These elaborate provisions for the jurisdiction of the Tribal court are followed, in § 27-16-80(H), by a general, stop-gap declaration that “if no Tribal Court is established by the Tribe, the State shall exercise jurisdiction over all civil and criminal causes arising out of acts and transactions occurring on the Reservation or involving members of the Tribe.”   This provision refers back to both § 27-16-70 and § 27-16-80, making clear that until a Tribal court can be created with criminal and civil jurisdiction, the interim arrangement is for the state courts to handle “all civil and criminal” claims.

Viewed in this context, it is apparent that the Tribe intended to grant exclusive state court jurisdiction as a simple, transitional provision, until it could create a Tribal court.   And it is revealing that the type of claim involved here-a quintessentially internal matter dealing with the governance of the Tribe-would be handled exclusively in Tribal court if such a court were established.   See id. § 27-16-30(8) (defining “Internal Matters” as including, inter alia, “the relationship between the Tribe and one or more of its members [and] the conduct of Tribal government over members of the Tribe”).   There is simply no role granted to the federal courts to adjudicate internal tribal matters, whether or not the Tribe has created its own court to handle such claims.

Plaintiffs protest, however, that § 27-16-80(H) of the State Act is merely a waiver of the Tribe's sovereign immunity in South Carolina courts, rather than an exclusive grant of jurisdiction to the state courts.   To begin with, § 27-16-80(H) does not even speak in terms of sovereign immunity.   It does not address simply those claims against the Tribe as sovereign, but rather all “causes arising out of acts and transactions occurring on the Reservation or involving members of the Tribe.”  S.C.Code Ann. § 27-16-80(H).  Moreover, plaintiffs' contention ignores entirely that a separate provision of the State Act details at length under which circumstances the Tribe waives its sovereign immunity.   See id.   § 27-16-80(F).  Section 27-16-80(H) thus cannot be construed as a waiver of all sovereign immunity, without reading the more particularized waiver of immunity in § 27-16-80(F) out of the statute or bringing the two provisions into irreconcilable conflict.

We therefore conclude that the Settlement Agreement and its implementing legislation provide for exclusive state court jurisdiction over plaintiffs' claims.   We cannot fail to enforce the Tribe's choice of a state forum without ignoring Congress's mandate and without undermining the substantial federal policy of promoting Indian self-government and tribal sovereignty.   See Santa Clara Pueblo v. Martinez, 436 U.S. 49, 59-60, 98 S.Ct. 1670, 56 L.Ed.2d 106 (1978).   The selection of a judicial forum to handle intra-tribal disputes under § 12.7 of the Settlement Agreement and its implementing legislation can only be viewed as an exercise of the Tribe's sovereign power, pursuant to this federal policy.   We are accordingly obliged to give effect to the Tribe's determination as ratified by Congress.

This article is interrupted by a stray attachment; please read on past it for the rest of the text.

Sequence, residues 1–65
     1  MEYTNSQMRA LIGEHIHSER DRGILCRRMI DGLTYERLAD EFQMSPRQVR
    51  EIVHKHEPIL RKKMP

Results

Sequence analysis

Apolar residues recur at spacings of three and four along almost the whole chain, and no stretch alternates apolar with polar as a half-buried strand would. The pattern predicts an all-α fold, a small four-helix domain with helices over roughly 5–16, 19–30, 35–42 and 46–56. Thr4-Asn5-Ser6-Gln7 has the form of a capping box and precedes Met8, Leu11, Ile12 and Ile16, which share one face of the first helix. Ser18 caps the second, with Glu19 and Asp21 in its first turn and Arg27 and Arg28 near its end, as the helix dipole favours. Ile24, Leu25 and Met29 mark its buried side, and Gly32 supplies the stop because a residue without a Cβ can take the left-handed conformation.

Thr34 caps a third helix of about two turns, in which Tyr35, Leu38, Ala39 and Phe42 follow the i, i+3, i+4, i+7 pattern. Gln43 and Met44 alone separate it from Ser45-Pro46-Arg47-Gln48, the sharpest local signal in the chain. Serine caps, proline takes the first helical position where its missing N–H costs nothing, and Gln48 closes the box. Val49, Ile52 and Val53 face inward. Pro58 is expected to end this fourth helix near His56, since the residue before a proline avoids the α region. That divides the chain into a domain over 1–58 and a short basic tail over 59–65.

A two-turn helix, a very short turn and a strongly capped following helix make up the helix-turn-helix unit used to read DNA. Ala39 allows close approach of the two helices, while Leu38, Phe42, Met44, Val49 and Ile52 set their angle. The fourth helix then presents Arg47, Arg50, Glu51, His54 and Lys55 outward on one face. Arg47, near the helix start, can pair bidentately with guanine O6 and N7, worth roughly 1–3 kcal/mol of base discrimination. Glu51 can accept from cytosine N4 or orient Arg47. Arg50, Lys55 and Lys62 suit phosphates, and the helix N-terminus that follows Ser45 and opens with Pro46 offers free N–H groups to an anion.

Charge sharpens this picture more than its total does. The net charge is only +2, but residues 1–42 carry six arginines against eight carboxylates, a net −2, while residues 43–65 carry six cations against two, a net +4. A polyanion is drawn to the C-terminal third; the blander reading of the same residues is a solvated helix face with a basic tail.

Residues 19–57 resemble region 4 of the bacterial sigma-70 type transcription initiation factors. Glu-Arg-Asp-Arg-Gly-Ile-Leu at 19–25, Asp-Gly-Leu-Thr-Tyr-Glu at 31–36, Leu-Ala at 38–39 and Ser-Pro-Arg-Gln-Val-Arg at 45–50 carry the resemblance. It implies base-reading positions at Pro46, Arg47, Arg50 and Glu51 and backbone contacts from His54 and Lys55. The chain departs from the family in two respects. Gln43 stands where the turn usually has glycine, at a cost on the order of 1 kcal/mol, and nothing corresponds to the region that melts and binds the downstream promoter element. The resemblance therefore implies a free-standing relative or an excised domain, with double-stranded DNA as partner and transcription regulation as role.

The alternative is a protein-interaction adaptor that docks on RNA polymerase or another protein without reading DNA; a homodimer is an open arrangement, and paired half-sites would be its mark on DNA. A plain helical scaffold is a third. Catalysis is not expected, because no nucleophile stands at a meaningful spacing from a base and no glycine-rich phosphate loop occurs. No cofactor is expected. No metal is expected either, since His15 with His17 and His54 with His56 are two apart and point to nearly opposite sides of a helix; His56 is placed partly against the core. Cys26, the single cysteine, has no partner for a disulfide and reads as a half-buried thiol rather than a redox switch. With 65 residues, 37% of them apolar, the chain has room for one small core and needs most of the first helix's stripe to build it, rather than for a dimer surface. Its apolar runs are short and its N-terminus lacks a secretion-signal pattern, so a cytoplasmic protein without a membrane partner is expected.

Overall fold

III.

For the foregoing reasons, the judgment of the district court is reversed and remanded with instructions to dismiss the complaint for want of jurisdiction.

REVERSED AND REMANDED

FOOTNOTES

1.   Although neither party contests the issue, we note that we have jurisdiction to hear this appeal under the collateral order doctrine.   See Cohen v. Beneficial Indus. Loan Corp., 337 U.S. 541, 546, 69 S.Ct. 1221, 93 L.Ed. 1528 (1949).   Congress ratified the sovereign Tribe's decision to have exclusive state court jurisdiction over intra-tribal suits like this one until the Tribe establishes its own court system.   The question of whether there is federal jurisdiction over this suit is independent of the merits of plaintiffs' claims, and the district court has resolved the issue in favor of federal jurisdiction after full consideration.   Were we to deny review and thus force the members of the Tribe to litigate their claims in federal court, we would irreparably deprive the Tribe of the exclusive state court forum authorized for such disputes.   In short, the entire benefit of the Tribe's bargain in the Settlement Agreement and its implementing statutes would be lost.   The importance of granting review at this time is clear in light of the significant federal policy of Indian self-determination and tribal autonomy, which the Supreme Court has held is undermined by forcing tribes into foreign forums other than the ones they have selected through the exercise of their sovereignty.   See, e.g., Santa Clara Pueblo v. Martinez, 436 U.S. 49, 59-60, 98 S.Ct. 1670, 56 L.Ed.2d 106 (1978);  see also Crowe v. E. Band of Cherokee Indians, Inc., 584 F.2d 45, 45-46 (4th Cir.1978) (following Martinez ).

2.   Because we find that suits such as the present one are cognizable only in South Carolina state courts pursuant to the Settlement Agreement and its implementing legislation, we need not address the district court's finding that there is federal question jurisdiction under 28 U.S.C. § 1331.   As we ruled in Inacom Communications, 106 F.3d at 1154-55, a specific limitation on federal court jurisdiction, such as we confront here, overrides the general grant of federal jurisdiction in § 1331.

Reversed and remanded by published opinion. Judge WILKINSON wrote the opinion, in which Judge KING and Judge QUARLES joined.

Copied to clipboard